Another independent business at the Shoppes of Bethesda is out, and its owner says opportunities for small, local businesses in Bethesda could be on the way out too.
Deborah Simon closed her Waygoose Redux gift shop at 4926 Hampden Lane on Saturday. Simon had recently taken in Shoppes of Bethesda neighbor Bella Italia after that shop closed.
It is the fourth locally owned, independent store to close in the shopping center in 2013. Ri Ra, an Irish pub and restaurant that relocated to Georgetown, also closed in 2013.
Waygoose Redux relocated from Rockville to Bethesda Row a decade ago. Three years ago, with national chains gulping up space on ritzy Bethesda Avenue, Simon again relocated the store just a few blocks away to Hampden Lane.
But with online retailers putting a big dent in her business and a landlord interested in pursuing more of those national chains, Simon said she had to hold one final blowout sale over the weekend.
“If you want to support small businesses like this, you need to support them and you need to stop relying on online shopping,” Simon said. “We just saw huge drops of people coming in. People who shopped with us last year didn’t come in this year and it’s been like that for a while. It’s the ease of the internet that’s killing small businesses in many ways.”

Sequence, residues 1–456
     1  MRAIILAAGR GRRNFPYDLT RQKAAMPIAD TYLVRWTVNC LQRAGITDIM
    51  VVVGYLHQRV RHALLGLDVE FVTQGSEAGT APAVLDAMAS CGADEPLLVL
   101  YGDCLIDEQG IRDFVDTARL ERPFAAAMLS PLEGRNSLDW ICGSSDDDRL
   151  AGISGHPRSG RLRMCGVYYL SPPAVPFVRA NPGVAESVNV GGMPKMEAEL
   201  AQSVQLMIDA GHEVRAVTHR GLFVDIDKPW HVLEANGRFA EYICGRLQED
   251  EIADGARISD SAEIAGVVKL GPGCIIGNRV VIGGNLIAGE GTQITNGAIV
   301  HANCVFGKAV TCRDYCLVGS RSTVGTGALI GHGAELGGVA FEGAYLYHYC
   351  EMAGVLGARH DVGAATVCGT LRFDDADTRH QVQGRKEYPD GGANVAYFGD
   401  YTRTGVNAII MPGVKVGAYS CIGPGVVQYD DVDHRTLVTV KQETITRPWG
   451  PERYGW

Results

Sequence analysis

Waygoose was known for its jewelry, ceramics toys and other home decorations produced by a group of artists Simon said she gained much respect for over the years.
Her store was one of just a few remaining independent gifts shops in the area.
“If you want something that’s not clothing, that’s not food, that’s gone,” Simon said. “It used to be a nice shopping district, where you could go and see a lot of variety, find stuff you hadn’t even thought about.”
As for the future of small, local retailers in downtown Bethesda, Simon said that will require customers and some help from the landlords. A Pure Barre, a national chain of franchised fitness studios, will take over the spot of Bundles of Cookies (4930 Hampden Lane).
“Landlords are tending toward national chains because it’s easier in many respects,” Simon said. “And people are spending money, they’re just not spending it on these kinds of items. That’s really what it is. If you really do support small local businesses, then do it with your pocket books and your feet.”